MP will ‘bang down the door’ to ensure Axminster Masterplan has viable future

 

Axminster’s MP Neil Parish said he will be ‘banging down the door’ to ensure that the Masterplan for the town has a viable future. Action man Simon Jupp MP is refusing to vote for HS2 whilst the two rail lines into Devon remain unfit for purpose. He is also trying to resolve the Budleigh Shandford care home crisis. Are witnessing a concerted “Charm Offensive”?

Daniel Clark  www.devonlive.com

Axminster’s MP Neil Parish said he will be ‘banging down the door’ to ensure that the Masterplan for the town has a viable future.

The Axminster Masterplan for 800 new homes and the long-awaiting relief road was agreed last January, only for Homes England’s Housing Infrastructure Funding of £10m to be turned from a grant to a loan.

Homes England state that they believe that the development could afford to repay the HIF monies, but East Devon District Council are convinced that the development cannot afford to repay the monies and the developers have no interest in progressing down the route of a repayable loan.

The funding would have been used to forward fund the new £16.7m north-south relief road that aims to end the severe congestion, pollution and HGVs having to travel on the existing road that runs through the centre of the town.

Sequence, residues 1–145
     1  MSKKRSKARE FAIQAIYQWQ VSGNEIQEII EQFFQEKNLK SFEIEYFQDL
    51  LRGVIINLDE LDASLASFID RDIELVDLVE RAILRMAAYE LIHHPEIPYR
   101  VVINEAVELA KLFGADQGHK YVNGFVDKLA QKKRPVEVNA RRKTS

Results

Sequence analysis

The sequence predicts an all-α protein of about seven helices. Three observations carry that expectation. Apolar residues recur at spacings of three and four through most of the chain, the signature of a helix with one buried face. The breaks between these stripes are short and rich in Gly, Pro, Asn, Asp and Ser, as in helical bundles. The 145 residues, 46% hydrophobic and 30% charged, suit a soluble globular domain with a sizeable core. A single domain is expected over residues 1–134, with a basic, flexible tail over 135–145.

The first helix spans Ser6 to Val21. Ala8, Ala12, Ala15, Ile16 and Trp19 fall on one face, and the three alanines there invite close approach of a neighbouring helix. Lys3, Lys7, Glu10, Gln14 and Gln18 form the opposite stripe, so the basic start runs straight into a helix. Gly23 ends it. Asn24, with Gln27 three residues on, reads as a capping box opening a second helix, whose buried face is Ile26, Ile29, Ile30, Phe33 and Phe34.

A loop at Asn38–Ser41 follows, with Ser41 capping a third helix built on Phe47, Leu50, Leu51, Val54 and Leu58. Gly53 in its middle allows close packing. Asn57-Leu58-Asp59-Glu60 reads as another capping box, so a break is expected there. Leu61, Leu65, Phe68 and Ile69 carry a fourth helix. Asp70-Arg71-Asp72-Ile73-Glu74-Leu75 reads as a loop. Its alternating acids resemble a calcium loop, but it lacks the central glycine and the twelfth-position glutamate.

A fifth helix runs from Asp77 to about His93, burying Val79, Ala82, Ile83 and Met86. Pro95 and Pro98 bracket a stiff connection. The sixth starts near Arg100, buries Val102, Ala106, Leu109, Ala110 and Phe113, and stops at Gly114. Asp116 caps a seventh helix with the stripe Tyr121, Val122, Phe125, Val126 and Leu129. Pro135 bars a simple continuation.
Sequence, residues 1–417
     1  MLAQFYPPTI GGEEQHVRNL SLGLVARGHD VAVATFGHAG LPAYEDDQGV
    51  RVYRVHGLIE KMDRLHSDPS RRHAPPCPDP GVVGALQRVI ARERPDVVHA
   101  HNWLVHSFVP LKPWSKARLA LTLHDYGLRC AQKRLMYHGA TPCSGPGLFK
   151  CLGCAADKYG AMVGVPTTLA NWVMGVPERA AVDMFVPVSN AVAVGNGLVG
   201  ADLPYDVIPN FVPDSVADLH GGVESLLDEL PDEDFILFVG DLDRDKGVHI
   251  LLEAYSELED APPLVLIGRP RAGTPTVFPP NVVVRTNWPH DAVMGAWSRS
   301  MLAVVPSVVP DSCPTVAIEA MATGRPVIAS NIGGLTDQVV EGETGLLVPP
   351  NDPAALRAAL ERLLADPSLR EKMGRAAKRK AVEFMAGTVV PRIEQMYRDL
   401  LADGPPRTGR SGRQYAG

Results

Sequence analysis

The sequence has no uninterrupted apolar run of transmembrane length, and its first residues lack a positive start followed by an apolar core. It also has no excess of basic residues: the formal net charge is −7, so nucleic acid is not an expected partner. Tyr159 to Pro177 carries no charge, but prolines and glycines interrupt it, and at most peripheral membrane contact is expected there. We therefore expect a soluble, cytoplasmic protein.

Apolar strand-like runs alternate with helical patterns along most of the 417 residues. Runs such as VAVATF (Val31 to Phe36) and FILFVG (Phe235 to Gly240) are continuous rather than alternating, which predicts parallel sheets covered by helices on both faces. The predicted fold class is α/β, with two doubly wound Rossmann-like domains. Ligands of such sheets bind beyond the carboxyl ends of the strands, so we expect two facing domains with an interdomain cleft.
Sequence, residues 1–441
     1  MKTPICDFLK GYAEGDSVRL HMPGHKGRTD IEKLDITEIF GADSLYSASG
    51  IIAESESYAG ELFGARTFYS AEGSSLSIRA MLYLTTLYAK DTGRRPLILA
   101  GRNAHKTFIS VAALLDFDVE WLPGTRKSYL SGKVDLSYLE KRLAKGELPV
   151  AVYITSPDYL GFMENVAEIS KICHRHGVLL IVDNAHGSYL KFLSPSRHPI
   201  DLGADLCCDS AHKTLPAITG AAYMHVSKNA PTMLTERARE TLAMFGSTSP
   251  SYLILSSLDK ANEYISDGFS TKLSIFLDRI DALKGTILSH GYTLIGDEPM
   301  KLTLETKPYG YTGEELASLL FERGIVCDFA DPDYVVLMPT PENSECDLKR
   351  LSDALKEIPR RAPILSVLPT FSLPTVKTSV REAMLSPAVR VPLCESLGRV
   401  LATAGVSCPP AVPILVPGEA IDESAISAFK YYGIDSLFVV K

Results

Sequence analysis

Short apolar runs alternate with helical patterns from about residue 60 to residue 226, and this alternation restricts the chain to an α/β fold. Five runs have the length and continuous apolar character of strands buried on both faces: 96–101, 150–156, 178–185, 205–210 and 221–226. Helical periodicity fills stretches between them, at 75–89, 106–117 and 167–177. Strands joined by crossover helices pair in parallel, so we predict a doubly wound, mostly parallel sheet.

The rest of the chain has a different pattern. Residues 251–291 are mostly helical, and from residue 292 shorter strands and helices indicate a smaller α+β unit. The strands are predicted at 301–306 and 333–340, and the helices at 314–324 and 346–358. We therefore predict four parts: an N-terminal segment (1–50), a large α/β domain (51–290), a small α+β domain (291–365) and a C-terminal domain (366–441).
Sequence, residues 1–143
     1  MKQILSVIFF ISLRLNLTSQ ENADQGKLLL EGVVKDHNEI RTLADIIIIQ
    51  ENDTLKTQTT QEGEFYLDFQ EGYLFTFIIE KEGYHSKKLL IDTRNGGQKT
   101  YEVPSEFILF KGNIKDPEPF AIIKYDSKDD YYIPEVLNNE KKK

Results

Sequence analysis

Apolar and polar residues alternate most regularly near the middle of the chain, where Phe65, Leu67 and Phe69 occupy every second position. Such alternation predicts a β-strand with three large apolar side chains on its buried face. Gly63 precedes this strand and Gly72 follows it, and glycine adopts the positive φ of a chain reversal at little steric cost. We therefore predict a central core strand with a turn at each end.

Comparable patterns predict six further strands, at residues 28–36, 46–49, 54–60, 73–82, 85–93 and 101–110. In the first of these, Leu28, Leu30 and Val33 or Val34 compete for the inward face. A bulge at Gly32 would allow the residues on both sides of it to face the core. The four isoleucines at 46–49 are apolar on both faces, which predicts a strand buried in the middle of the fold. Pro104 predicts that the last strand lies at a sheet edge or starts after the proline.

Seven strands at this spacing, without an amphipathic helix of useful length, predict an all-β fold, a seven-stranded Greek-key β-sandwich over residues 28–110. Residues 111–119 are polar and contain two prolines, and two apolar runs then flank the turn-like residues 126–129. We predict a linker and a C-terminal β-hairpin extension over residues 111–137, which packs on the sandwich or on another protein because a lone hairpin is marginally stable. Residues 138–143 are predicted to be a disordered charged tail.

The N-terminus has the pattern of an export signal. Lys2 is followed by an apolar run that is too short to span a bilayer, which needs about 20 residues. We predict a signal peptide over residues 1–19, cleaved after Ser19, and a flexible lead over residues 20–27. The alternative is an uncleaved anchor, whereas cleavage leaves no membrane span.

East Devon District Council’s Strategic Planning Committee on Tuesday morning agreed to send a letter to Neil Parish, the MP for Tiverton and Honiton, to seek his further assistance in securing funding towards the masterplan, as the council are now under threat of the monies being withdrawn by Homes England and lost forever.

Having been shown a copy of the letter, Mr Parish told the Local Democracy Reporting Service: “I will continue to support EDDC in getting the funding they need for the Axminster Relief Road. Together with our excellent local councillors in Axminster, we will be banging down the door of the Housing Minister and Homes England to ensure the Axminster Masterplan has a viable future.

“We met with Homes England last year on this matter – but it is clear further discussions must take place to get this sorted.”

Speaking at Tuesday’s meeting, Cllr Ian Hall said that it was imperative to get help from the MP so forward delivery of the relief road happens and the funding position is revisited by Homes England, as ‘doing nothing is not acceptable’.

He added: “I want the best for Axminster and for it to be a resilient town in the future. We must unlock Axminster’s potential. I believe that the agreed masterplan was nailed on the best for Axminster and East Devon. We have already wasted too much time and I will not watch Axminster stagnate and die, or at best we a reteriment area. Can we hurry up and get this done.”

Fellow ward member Cllr Andrew Moulding added: “We have concerns over the masterplan at the moment as it is not deliverable as we don’t have the grants for the upfront delivery of the relief road. The case for us is very clear as delivery of the masterplan and relief road is essential for Axminster.”